Tuesday, July 22, 2014
Just Like Dave
Sometimes Dave has trouble sleeping. So do I. Dave loves coffee. Yup. Me too. He spends the majority of his waking hours in coffee shoppes. Almost as much time as I do. We met in one. Dave's first love, his first broken heart was a Louisiana girl. Me too, me too. Dave just wants to feel normal, wants to be the master of his own destiny. I think we all can relate. Dave hurts, he grieves, he longs for simpler, happier times. Dave is perfectly human in that respect.
Dave lives in Hattiesburg, MS twenty miles south of where he was born, where he accepted Jesus, was baptized, went to college, fell in love, and fell apart. He talks about the Easter when he lost himself. He's been looking for himself ever since, mostly through the cloudy haze of medication.
I hadn't seen Dave for almost four months. I'd been in Haiti and he in Hattiesburg. When we finally crossed paths at a Starbucks he had lost 45 pounds. His eyes were sunken in a bit but he was so glad to see me and starved for conversation. After a bit I finally got him to tell me how long it had been since he'd eaten. Way too long. He'd had a couple checks stolen and his account cleared out. It's hard to really say but I think he was more embarrassed than mad. We walked next door to a sub shop and Dave devoured "the best sandwich of my life".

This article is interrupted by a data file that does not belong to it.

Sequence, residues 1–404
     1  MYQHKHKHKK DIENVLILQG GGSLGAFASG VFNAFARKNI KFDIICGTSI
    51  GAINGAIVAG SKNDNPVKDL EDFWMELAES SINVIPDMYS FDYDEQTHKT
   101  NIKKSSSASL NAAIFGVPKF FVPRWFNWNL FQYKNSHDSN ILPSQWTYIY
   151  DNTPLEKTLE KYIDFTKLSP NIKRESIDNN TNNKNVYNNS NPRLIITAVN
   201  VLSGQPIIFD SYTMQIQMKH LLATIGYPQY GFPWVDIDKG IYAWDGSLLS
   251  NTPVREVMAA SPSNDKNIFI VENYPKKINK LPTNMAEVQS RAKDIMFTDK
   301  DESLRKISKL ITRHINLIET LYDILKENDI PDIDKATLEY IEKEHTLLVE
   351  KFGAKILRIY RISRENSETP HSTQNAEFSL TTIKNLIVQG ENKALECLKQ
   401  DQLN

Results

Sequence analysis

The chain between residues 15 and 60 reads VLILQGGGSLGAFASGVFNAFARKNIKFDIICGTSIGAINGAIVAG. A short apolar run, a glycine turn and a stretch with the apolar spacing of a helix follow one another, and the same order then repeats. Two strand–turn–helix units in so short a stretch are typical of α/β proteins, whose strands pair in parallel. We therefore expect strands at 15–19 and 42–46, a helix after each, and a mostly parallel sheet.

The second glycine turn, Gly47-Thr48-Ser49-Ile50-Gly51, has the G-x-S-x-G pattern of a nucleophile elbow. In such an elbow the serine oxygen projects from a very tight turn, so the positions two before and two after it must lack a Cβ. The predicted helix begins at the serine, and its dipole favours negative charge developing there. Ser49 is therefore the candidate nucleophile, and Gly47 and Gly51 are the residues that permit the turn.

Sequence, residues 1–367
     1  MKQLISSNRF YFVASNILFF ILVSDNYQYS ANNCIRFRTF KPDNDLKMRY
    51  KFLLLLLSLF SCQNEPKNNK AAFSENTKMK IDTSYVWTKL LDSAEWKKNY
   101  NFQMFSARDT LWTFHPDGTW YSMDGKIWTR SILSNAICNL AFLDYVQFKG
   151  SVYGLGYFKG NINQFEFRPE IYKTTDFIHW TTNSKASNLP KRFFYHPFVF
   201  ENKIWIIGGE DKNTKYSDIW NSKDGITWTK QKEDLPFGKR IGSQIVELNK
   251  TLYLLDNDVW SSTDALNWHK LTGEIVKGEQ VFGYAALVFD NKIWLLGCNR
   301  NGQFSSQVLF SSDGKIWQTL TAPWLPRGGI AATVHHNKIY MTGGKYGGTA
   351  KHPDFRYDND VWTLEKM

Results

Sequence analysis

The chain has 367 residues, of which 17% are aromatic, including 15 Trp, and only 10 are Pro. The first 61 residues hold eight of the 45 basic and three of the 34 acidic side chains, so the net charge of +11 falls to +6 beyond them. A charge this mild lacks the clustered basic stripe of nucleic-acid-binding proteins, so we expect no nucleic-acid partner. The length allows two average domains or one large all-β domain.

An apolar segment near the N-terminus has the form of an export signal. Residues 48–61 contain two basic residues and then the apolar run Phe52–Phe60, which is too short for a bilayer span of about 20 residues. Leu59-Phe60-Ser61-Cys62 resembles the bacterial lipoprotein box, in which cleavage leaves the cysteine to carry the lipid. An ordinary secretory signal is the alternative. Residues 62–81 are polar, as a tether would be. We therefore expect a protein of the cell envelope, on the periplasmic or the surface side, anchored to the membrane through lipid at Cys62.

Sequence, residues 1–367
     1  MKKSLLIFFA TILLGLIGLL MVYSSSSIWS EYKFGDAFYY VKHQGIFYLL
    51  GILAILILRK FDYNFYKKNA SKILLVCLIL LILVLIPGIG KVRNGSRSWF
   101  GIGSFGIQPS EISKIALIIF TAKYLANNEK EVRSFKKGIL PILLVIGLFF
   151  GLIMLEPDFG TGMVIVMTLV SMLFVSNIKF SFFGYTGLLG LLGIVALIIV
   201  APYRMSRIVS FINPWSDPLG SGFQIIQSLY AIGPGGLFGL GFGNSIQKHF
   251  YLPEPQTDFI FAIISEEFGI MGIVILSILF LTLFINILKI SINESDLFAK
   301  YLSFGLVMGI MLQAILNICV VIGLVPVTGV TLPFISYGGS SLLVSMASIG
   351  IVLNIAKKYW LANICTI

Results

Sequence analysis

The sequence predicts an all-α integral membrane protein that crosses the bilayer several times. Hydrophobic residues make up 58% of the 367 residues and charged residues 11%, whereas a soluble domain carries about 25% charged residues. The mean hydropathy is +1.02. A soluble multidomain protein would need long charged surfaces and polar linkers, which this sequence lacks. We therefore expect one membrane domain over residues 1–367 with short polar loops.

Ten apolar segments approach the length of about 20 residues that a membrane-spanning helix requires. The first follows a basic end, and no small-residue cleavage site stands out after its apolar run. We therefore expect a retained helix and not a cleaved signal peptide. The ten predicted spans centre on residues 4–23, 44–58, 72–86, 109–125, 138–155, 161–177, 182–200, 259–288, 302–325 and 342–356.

Dave is diagnosed schizophrenic and bi-polar. He is on three medications. These are things Dave has told me. He explains what his pills do. Blue ones to help him sleep. Two blue ones and he can sleep all night. The larger white ones are his anti-psychotics. The new, small white ones help him not get trapped in the past. They keep him looking, going forward. He must not be taking those because for three days now he has talked mostly of his past. He speaks of his parent's deaths. The blue and white dress his mother was buried in. "Blue and white dress, blue and white pills." The conversations, the connections made in Dave's mind sometimes get loud enough to be heard.
Dave has six toes on each foot. I don't. He likes to paint his twelve toenails and his fingernails too. I've not tried that, yet. Dave has an imaginary son. My River Moses is unbelievable but very real. The more time I spend with Dave the more I realize how much our differences are superficial, how we really are all the same. Different degrees of broken, but all wonderfully and fearfully made in our Father's image. And I realize even more, how desperately I need Jesus to keep my inner gravity holding, keep all my pieces from breaking up, spinning hopelessly, recklessly apart.
Just like Dave.